Weijermans, Peter-Jan (Neptune Energy Netherlands B.V.) | Huibregtse, Paul (Tellures Consult) | Arts, Rob (Neptune Energy Netherlands B.V.) | Benedictus, Tjirk (Neptune Energy Netherlands B.V.) | De Jong, Mat (Neptune Energy Netherlands B.V.) | Hazebelt, Wouter (Neptune Energy Netherlands B.V.) | Vernain-Perriot, Veronique (Neptune Energy Netherlands B.V.) | Van der Most, Michiel (Neptune Energy Netherlands B.V.)
The E17a-A gas field, located offshore The Netherlands in the Southern North Sea, started production in 2009 from Upper Carboniferous sandstones, initially from three wells. Since early production history of the field, the p/z plot extrapolation has consistently shown an apparent Gas Initially In Place (GIIP) which was more than 50% higher than the volumetric GIIP mapped. The origin of the pressure support (e.g. aquifer support, much higher GIIP than mapped) and overall behavior of the field were poorly understood.
An integrated modeling study was carried out to better understand the dynamics of this complex field, evaluate infill potential and optimize recovery. An initial history matching attempt with a simulation model based on a legacy static model highlighted the limitations of existing interpretations in terms of in-place volumes and connectivity. The structural interpretation of the field was revisited and a novel facies modeling methodology was developed. 3D training images, constructed from reservoir analogue and outcrop data integrated with deterministic reservoir body mapping, allowed successful application of Multi Point Statistics techniques to generate plausible reservoir body geometry, dimensions and connectivity.
Following a series of static-dynamic iterations, a satisfying history match was achieved which matches observed reservoir pressure data, flowing wellhead pressure data, water influx trends in the wells and RFT pressure profiles of two more recent production wells. The new facies modeling methodology, using outcrop analogue data as deterministic input, and a revised seismic interpretation were key improvements to the static model. Apart from resolving the magnitude of GIIP and aquifer pressure support, the reservoir characterization and simulation study provided valuable insights into the overall dynamics of the field – e.g. crossflows between compartments, water encroachment patterns and vertical communication. Based on the model a promising infill target was identified at an up-dip location in the west of the field which looked favorable in terms of increasing production and optimizing recovery. At the time of writing, the new well has just been drilled. Preliminary logging results of the well will be briefly discussed and compared to pre-drill predictions based on the results of the integrated reservoir characterization and simulation study.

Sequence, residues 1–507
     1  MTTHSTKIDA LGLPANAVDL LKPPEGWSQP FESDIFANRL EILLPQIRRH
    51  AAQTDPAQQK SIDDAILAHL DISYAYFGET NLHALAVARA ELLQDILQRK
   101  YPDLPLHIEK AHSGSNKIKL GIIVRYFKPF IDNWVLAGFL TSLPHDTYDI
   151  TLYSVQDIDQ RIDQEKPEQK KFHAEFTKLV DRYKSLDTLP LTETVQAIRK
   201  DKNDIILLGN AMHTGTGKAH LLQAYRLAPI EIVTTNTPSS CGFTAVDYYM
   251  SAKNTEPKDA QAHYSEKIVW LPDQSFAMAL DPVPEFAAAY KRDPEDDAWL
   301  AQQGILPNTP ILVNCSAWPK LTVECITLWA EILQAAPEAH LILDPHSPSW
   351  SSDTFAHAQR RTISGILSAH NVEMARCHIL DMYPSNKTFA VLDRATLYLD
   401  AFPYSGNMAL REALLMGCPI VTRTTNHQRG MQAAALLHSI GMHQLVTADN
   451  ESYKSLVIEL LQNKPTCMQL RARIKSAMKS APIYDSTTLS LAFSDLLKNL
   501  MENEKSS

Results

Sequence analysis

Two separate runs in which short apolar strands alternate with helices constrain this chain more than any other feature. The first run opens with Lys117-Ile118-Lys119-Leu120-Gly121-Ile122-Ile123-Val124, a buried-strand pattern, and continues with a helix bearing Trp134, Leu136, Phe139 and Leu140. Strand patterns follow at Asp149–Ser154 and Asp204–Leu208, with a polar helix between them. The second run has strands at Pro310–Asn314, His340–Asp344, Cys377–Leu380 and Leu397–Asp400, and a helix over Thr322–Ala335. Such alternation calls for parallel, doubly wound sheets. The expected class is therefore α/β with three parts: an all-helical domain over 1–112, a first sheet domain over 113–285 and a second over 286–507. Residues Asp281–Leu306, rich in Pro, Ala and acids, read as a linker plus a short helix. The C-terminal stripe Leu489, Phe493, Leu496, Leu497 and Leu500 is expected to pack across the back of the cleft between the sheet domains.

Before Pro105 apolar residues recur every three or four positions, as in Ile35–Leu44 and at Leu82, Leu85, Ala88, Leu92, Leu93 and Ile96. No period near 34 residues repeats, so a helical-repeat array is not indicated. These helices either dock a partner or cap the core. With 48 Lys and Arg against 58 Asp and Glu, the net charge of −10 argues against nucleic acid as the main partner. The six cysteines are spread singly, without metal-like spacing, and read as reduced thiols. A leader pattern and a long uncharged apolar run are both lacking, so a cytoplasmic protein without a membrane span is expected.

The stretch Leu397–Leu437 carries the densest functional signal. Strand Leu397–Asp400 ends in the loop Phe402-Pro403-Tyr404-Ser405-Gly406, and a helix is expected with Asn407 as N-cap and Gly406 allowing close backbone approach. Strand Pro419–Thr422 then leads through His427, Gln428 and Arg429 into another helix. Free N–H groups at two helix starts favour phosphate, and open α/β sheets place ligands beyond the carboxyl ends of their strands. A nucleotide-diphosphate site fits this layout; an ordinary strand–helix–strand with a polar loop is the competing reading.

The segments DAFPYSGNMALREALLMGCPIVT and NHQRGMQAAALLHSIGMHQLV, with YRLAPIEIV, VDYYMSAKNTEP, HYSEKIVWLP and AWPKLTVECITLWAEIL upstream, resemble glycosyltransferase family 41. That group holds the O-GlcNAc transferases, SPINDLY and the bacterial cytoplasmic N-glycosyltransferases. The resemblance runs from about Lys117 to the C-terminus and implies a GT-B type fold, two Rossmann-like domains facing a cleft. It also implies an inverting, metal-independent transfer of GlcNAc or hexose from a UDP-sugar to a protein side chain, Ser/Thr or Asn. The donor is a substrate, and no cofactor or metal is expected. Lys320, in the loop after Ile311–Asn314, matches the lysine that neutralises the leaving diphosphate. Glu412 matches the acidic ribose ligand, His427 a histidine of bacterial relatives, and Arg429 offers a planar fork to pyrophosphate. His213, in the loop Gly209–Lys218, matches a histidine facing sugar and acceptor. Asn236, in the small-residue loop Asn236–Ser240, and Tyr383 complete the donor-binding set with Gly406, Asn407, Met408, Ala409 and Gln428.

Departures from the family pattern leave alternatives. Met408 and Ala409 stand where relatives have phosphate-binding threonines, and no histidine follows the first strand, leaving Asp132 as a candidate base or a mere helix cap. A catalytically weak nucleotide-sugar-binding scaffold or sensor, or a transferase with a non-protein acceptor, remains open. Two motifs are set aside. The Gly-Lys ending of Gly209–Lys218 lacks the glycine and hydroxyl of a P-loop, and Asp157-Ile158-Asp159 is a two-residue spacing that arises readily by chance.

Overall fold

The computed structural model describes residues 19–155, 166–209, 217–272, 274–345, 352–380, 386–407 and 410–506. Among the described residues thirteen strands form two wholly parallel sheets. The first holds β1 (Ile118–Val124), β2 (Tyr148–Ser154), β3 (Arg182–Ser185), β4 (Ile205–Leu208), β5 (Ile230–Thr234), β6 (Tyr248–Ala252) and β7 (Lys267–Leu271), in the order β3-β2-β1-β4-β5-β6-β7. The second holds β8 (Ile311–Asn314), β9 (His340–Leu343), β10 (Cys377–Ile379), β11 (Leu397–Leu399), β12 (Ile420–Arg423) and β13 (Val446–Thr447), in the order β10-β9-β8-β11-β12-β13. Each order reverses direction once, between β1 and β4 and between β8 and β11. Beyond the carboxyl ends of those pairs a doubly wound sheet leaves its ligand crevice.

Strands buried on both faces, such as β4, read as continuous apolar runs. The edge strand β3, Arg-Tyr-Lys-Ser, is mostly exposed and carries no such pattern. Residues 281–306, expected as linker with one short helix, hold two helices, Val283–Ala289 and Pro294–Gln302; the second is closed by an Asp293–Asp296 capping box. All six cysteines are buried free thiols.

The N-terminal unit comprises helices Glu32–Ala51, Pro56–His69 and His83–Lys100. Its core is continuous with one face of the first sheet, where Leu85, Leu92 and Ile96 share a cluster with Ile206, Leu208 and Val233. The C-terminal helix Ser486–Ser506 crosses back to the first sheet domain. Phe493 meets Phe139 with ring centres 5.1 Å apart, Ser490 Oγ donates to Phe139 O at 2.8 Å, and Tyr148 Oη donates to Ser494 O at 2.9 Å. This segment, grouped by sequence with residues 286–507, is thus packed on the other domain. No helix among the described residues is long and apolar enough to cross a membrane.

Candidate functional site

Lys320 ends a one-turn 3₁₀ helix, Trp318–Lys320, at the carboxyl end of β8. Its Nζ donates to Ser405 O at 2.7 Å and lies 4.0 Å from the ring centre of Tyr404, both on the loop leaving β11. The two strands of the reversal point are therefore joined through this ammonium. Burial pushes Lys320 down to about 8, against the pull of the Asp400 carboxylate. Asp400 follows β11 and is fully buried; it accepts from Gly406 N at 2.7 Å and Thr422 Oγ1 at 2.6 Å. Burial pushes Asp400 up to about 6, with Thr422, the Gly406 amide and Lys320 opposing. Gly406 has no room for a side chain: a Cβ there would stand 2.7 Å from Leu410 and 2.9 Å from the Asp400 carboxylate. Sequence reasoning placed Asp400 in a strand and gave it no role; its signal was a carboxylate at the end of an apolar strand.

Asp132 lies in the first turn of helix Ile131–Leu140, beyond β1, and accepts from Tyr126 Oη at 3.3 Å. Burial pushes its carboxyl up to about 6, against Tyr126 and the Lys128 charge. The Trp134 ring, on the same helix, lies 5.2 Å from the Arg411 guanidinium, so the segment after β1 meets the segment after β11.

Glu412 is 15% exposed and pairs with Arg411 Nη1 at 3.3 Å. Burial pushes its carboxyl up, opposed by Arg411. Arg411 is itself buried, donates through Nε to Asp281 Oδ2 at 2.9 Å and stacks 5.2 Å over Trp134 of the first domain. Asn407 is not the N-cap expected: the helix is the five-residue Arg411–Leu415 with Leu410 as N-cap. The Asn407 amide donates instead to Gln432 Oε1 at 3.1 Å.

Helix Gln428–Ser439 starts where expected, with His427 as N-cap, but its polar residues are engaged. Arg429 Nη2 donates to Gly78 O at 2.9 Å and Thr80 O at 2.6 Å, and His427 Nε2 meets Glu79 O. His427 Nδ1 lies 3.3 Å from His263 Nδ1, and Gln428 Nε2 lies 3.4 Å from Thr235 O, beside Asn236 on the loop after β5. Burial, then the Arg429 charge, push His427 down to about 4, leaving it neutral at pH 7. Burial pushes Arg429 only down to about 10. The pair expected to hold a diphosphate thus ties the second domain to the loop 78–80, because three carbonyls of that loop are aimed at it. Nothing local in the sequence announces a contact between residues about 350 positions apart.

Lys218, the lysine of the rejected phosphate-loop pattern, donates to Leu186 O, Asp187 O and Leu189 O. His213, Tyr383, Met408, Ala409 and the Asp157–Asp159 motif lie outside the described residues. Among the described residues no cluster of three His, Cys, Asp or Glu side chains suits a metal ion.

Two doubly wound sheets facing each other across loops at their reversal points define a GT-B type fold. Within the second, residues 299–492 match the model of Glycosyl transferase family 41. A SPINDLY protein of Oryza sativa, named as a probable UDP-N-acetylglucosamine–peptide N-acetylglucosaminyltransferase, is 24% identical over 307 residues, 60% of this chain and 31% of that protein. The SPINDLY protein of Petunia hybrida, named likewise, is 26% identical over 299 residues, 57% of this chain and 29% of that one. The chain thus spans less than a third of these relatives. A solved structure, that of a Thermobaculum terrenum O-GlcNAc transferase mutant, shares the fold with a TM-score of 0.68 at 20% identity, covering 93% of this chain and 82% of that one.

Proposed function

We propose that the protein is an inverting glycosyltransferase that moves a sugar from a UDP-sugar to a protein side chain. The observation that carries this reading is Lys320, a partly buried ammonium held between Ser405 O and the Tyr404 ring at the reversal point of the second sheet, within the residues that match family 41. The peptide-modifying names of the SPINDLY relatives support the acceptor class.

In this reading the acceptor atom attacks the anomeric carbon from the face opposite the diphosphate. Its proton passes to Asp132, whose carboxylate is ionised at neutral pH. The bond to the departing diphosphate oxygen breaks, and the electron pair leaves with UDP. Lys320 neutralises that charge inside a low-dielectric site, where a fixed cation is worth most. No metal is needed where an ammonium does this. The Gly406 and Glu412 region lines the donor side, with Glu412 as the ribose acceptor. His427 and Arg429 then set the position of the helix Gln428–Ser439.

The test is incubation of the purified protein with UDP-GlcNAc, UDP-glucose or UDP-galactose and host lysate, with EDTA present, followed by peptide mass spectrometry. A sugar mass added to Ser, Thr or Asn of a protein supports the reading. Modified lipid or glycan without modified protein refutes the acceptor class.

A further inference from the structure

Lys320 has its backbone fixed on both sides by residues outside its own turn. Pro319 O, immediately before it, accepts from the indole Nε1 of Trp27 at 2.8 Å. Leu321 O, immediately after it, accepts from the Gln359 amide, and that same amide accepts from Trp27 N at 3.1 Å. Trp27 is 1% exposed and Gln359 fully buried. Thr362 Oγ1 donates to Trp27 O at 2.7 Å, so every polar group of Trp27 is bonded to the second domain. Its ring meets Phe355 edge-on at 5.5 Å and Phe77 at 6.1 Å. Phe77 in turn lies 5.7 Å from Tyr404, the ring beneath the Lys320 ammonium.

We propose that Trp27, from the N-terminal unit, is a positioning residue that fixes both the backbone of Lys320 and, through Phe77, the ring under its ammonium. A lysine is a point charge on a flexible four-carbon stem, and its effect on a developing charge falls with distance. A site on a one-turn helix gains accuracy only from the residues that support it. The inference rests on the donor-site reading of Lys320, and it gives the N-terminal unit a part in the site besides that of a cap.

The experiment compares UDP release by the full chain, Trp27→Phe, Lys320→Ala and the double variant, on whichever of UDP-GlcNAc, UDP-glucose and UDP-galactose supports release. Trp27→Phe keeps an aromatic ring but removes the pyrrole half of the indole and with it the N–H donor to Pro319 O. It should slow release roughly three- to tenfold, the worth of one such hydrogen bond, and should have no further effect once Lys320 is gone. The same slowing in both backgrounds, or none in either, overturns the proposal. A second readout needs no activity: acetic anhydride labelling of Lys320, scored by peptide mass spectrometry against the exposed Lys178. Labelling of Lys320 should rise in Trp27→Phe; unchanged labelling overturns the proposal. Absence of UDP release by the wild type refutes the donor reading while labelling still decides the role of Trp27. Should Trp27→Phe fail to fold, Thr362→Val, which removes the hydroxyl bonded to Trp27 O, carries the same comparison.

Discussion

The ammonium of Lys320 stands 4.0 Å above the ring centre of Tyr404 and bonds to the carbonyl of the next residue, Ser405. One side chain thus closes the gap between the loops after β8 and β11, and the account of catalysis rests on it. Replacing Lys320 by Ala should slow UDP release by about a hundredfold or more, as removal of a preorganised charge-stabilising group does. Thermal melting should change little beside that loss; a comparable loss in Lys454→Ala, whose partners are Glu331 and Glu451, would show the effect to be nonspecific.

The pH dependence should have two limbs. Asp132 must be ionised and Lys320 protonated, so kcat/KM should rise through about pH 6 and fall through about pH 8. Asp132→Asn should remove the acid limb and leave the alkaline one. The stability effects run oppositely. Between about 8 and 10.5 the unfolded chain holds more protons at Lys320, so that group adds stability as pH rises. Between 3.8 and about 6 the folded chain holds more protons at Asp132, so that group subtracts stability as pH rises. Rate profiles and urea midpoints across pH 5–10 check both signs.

The new facies modeling methodology presented is in principle applicable to a number of Carboniferous gas fields in the Southern North Sea. Application of this method can lead to improved understanding and optimized recovery. In addition, this case study demonstrates how truly integrated reservoir characterization and simulation can lead to a revision of an existing view of a field, improve understanding and unlock hidden potential.
One of the targets of time-lapse seismic monitoring of CO2 sequestration is to determine the parts of the reservoir reached by the injected CO2 and to estimate their saturation. Such information could be extracted from the time-lapse measurement using AVO or impedance information. But non-repeatability of the source positions and time-lapse changes in the overburden could lower the accuracy of the estimation of saturation. We propose the utilization of non-physical (ghost) reflections retrieved by seismic interferometry to estimate the CO2 saturation inside the reservoir. We use the ghost reflections to directly estimate the layer specific velocities inside the reservoir and the cap rock and thus eliminate the two mentioned causes of inaccuracies. We apply this idea and demonstrate its added value and potential using numerically modelled data for a simplified model based on the Sleipner underground storage site in the North Sea.